Suspension and debarment are actions taken by the government to protect the public from doing business with dishonest or unreliable contractors. Under the Federal Acquisition Regulations (“FAR”), a government contractor may be suspended or debarred for, among other things, committing a fraud or criminal offense in obtaining or performing a public contract, violating certain federal or state statutes, or any other serious cause that affects the government contractor’s “present responsibility.”
Although there is no doubt that suspension and debarment can cause serious financial harm to a government contractor’s business, contractors may not know the extent that suspension and debarment affects companies or organizations affiliated with a suspended or debarred contractor. An affiliate who is innocent of any wrongdoing or improper conduct may nevertheless be suspended or debarred by the government under the FAR.
The suspension or debarment of a contractor constitutes suspension or debarment of “all divisions or other organizational elements of the contractor,” unless the suspension or debarment decision is limited by its terms to specific divisions, organizational elements, or commodities. (FAR 9.406-1(b) and 9.407-1(c).) Also, the suspension or debarment decision may be extended to “affiliates” of the contractor, which is defined as follows:
Business concerns, organizations, or individuals are affiliates of each other if, directly or indirectly, (a) either one controls or has the power to control the other, or (b) a third party controls or has the power to control both. (FAR 9.403.)
The issue of whether a business is an affiliate of a contractor will depend on the contractor’s ability to control, either directly or indirectly, the actions of the business in question. Affiliation has nothing to do with the degree of culpability or involvement with the contractor’s wrongful actions or conduct. Rather, it is the mere status of being an affiliate of a suspended or debarred contractor that exposes an affiliate to potential suspension or debarment.
Affiliation has been found based on a business’ organizational relationship with a suspended or debarred contractor. For example, suspension and debarment have been extended to subsidiaries and sister corporations. Also, businesses may be deemed affiliates of each other if a suspended or debarred contractor holds an ownership interest or a corporate position that enables the contractor to control operations in both businesses, such as a majority stockholder or president.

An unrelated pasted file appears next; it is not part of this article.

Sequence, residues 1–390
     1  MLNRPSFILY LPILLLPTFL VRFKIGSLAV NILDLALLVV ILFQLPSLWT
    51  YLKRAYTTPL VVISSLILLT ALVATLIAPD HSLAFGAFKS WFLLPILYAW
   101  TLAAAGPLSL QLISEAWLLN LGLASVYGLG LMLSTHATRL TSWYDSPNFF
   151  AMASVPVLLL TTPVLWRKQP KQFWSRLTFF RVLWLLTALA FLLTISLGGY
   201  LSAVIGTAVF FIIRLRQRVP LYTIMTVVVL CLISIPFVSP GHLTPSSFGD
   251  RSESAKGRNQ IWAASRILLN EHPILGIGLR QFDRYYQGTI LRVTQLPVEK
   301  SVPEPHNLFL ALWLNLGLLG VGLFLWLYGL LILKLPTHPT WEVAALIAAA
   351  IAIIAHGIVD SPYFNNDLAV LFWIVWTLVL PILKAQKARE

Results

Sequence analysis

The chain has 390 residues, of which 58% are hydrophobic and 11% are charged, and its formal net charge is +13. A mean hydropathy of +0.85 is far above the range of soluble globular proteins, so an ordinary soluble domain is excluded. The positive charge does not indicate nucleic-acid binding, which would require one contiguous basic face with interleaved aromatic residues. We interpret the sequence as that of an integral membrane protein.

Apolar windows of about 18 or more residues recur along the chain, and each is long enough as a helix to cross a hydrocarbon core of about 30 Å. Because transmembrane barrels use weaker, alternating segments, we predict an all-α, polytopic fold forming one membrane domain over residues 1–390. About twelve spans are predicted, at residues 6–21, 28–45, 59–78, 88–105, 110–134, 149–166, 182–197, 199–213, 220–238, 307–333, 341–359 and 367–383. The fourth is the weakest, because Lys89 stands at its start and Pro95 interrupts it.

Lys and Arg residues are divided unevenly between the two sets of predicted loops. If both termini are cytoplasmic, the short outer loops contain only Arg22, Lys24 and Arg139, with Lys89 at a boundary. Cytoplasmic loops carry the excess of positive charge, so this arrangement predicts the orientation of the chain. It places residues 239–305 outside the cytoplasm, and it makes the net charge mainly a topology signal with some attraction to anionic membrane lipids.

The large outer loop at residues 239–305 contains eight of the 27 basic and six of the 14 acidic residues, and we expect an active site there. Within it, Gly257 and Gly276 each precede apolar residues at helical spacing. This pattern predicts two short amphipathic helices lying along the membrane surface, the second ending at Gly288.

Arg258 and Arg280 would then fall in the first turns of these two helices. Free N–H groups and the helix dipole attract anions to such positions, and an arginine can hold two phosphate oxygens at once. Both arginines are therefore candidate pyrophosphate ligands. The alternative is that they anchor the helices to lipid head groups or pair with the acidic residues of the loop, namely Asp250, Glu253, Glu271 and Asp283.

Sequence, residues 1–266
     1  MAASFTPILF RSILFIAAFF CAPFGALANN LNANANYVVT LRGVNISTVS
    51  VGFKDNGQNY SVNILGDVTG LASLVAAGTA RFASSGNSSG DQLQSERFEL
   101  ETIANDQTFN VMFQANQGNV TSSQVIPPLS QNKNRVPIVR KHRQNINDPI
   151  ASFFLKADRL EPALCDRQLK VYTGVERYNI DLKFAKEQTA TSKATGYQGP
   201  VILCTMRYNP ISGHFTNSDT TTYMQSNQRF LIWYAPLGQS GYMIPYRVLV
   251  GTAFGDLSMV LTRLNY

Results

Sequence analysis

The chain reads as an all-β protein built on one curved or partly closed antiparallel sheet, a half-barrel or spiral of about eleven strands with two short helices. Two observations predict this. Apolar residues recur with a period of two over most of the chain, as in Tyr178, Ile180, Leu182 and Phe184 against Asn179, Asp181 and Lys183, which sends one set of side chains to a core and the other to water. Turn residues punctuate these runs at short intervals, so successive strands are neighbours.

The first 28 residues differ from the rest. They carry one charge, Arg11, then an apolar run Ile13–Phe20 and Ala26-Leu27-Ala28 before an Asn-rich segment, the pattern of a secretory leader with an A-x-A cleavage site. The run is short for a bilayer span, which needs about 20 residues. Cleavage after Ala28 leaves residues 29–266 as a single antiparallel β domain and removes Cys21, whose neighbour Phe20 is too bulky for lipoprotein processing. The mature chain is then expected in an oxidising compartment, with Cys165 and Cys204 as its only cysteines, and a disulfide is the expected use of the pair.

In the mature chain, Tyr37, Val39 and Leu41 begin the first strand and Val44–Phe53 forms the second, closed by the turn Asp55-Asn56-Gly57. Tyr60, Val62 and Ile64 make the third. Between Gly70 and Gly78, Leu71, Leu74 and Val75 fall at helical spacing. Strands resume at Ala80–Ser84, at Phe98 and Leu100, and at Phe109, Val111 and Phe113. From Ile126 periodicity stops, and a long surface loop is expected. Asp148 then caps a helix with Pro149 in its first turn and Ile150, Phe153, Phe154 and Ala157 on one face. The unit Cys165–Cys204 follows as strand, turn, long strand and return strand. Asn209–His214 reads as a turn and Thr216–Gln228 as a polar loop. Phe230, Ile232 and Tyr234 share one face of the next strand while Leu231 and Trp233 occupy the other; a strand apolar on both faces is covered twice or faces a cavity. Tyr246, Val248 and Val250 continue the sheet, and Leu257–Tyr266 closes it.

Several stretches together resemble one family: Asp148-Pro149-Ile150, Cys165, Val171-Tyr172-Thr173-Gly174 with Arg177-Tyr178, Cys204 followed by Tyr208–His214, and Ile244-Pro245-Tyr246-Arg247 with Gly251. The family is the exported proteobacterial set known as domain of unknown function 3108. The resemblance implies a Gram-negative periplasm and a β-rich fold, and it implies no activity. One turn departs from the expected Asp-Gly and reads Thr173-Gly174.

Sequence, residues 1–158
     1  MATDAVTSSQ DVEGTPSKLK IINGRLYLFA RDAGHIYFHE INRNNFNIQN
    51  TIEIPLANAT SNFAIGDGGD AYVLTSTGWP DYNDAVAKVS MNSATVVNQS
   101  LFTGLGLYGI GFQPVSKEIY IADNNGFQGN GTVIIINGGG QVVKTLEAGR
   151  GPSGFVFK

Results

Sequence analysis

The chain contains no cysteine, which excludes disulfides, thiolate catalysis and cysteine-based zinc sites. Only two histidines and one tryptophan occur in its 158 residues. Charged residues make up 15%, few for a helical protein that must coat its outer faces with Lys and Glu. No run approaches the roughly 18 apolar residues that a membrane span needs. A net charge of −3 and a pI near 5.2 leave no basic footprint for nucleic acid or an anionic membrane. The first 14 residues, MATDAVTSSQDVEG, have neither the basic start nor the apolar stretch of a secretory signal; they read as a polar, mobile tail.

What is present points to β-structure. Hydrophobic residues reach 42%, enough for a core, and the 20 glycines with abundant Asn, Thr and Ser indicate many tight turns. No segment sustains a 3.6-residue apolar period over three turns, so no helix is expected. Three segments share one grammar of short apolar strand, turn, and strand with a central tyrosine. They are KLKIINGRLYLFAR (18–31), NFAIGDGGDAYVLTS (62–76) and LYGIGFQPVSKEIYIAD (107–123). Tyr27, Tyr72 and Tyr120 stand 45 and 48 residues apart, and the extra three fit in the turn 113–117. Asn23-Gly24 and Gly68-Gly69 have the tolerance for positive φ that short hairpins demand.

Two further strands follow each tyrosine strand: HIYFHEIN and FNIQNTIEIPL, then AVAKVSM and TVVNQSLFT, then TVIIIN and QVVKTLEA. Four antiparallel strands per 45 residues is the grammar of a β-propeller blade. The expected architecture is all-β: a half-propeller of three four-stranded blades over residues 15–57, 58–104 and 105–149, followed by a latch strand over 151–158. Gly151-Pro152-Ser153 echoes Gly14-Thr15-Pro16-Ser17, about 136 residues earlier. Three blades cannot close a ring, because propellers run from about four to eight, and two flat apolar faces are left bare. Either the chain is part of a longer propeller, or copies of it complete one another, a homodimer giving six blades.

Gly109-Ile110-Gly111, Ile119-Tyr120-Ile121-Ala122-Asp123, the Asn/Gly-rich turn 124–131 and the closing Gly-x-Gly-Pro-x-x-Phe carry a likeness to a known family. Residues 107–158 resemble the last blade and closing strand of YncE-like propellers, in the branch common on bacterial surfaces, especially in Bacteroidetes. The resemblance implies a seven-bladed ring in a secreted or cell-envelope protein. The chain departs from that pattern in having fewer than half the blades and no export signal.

Even if a suspended or debarred contractor does not hold an official title or employment position, or have an ownership interest, a finding of affiliation may be warranted to the extent the contractor has the ability to control or influence management, whether directly or indirectly. For example, in the case of Alexandria Printing and Photo Services, a company was deemed to be affiliated with a debarred contractor because the contractor had loaned buildings, equipment, and working capital to the company on favorable terms; and former employees of the contractor worked for the company. In the case of Balboa Ambulance, Inc., a company and a debarred contractor were found to be affiliates because, among other things, the company’s owners were family members of the contractor and the company used equipment furnished by the contractor. It was determined that the debarred contractor had the ability to exercise sufficient control over company, despite the fact that the contractor held no stock in the company and was not an officer, director, or employee of the company.
Although the government may extend a decision to suspend or debar a contractor to its affiliates, the suspension or debarment of an affiliate is not automatic. Rather, an affiliate must be: (1) specifically named in the notice of suspension or debarment, and (2) given written notice and an opportunity to respond. (FAR 9.406-1(b) and 9.407-1(c).) Indeed, courts have held that notice and an opportunity to respond to a suspension or debarment is a due process right afforded by the Constitution.
One can take measures to protect an affiliate from the taint associated with a suspended or debarred contractor. These measures may include a transfer of the suspended or debarred contractor’s ownership interest, the removal of the suspended or debarred contractor from managerial positions, and the establishment of comprehensive ethics programs. It must be emphasized, however, that these prophylactic and remedial measures do not guarantee that an affiliate will avoid suspension or debarment. The government is generally given discretion to decide whether these measures sufficiently protect the public from future improper conduct.
The effect of suspension and debarment on a contractor’s affiliates offers yet another reason why contractors should avoid any appearance of impropriety when bidding on or performing government contracts. In light of the federal regulations, the financial death knell of suspension and debarment has the potential of resonating throughout a contractor’s affiliated businesses, even though its affiliates may have been innocent of any wrongdoing.
About the author: Simon Santiago was an attorney with the law firm of Wickwire Gavin, P.C., 8100 Boone Blvd., Suite 700, Vienna, VA 22182.; when he wrote this article. Published in: ConstructionRisk.com Report, Vol. 4, No. 6 (Jun 2002)